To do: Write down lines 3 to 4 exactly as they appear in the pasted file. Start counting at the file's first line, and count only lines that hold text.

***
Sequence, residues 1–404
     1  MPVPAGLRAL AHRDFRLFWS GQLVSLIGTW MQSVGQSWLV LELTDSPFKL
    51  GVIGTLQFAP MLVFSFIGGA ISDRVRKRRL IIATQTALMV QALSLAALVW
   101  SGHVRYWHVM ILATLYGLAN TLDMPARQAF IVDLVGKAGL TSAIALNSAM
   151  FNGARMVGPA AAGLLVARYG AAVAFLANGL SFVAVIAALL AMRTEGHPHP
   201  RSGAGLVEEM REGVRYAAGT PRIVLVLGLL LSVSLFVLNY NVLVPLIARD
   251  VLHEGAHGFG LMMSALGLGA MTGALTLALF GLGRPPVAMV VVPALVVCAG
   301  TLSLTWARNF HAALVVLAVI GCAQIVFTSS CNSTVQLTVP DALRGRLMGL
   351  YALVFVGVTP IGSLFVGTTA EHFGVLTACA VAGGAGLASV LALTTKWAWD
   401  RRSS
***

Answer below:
    51  GVIGTLQFAP MLVFSFIGGA ISDRVRKRRL IIATQTALMV QALSLAALVW
   101  SGHVRYWHVM ILATLYGLAN TLDMPARQAF IVDLVGKAGL TSAIALNSAM